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Quite often when I’m accessing a remote shell via ssh, I’d like to have a look at some files not only with the remote computer’s vi but maybe with my own MacVim or some other program.

Not necessarily because I want to use more graphically orientated programs but because I can still use the very same shell after having opened a window and don’t need to open another ssh session just because the first ssh session is occupied with showing me vi.

Of course via X forwarding I could use that system’s graphical tools – however this tends to be rather slow and apart from that it is usually quite ugly.

So my question would be: Is there some sort of escape command to use when I’m in a remote shell that allows for using my local tools transparently inside that remote working directory?

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Not free but I love it (I use the windows version) expandrive.com/mac It transparently maps remote file systems as local drives. –  Nifle Jan 28 '10 at 22:40

2 Answers 2

up vote 3 down vote accepted

While it's not exactly what you describe sshfs will let you use your local tools on remote files. It lets you mount a remote directory via ssh. So you could use macvim on a file that lives on another machine.

You can get sshfs via macports or by downloading and installing macfuse. (no links as I'm typing from my phone, though google should get it done for you)

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Yeah, I know about that. But there’s the drawback that I’ll only be able to use local tools then. That’s equally bad as I will need access to remote tools as well. But +1 as it’s a good idea for others. –  Debilski Jan 28 '10 at 13:57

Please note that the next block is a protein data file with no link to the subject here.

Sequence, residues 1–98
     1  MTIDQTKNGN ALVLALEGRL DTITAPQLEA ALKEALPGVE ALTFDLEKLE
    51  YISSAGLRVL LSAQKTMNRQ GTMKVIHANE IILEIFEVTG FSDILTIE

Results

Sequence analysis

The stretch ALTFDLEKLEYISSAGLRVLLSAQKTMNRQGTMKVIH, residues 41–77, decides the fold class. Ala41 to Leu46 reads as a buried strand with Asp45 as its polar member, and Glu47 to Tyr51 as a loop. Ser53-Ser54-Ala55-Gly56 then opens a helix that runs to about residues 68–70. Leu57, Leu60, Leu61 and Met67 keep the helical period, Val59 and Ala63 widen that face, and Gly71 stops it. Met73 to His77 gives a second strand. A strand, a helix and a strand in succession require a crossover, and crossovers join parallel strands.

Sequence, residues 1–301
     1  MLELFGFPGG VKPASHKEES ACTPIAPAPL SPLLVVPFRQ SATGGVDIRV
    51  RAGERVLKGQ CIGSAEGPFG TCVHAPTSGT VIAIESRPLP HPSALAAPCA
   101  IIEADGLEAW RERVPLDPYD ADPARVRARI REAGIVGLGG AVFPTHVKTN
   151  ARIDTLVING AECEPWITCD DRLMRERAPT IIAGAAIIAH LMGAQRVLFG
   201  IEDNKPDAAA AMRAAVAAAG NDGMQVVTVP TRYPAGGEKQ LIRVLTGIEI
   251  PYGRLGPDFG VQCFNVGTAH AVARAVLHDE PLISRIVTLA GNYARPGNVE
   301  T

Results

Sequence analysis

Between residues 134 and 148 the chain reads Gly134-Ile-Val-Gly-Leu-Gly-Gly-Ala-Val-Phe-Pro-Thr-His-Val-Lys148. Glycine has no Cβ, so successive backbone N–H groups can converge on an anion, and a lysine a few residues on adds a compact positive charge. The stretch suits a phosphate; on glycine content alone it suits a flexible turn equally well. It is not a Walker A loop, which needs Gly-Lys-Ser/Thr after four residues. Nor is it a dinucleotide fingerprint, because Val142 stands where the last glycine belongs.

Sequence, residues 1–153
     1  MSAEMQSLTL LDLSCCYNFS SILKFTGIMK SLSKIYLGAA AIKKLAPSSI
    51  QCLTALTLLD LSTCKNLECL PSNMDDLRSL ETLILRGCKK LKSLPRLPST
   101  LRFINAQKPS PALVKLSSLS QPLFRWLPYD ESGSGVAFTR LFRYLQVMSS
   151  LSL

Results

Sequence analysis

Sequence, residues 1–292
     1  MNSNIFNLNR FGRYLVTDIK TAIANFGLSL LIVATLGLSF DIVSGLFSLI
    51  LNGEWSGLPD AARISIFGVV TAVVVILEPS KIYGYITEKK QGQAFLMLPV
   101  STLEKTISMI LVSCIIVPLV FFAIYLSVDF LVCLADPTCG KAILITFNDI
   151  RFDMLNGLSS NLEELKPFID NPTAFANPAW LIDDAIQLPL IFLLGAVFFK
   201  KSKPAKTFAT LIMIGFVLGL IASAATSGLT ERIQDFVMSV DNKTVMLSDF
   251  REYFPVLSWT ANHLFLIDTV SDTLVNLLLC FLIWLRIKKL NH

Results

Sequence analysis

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Well, you could always have multiple windows open, one ssh'ed into the remote machine, one browsing files via sshfs. If you want to use local tools, use the sshfs browser, remote tool the ssh console. You will be stuck to two separate interfaces: one for local editing, one for remote. There's no magic escape that merges both into one (which is what you originally asked, I see now). –  SuperMagic Jan 28 '10 at 14:23
    
you'd need multiple windows anyway; you can't do what you want over a single connection. (well... not without using "ssh -c 'remote-cmd user@host`" every time you wanted to run a remote command.) –  quack quixote Jan 28 '10 at 16:37
    
Too bad. There should really be an ssh escape command which grabs the current working directory in a remote shell and executes a user defined command with that information one the local shell. –  Debilski Jan 28 '10 at 23:19

Deleted as @SCARFACE's answer is far better. BBEdit on the Mac apparently support some nifty remote editing , though. I've never used it.

Here's a link that demonstrating BBEdit editing a remote file

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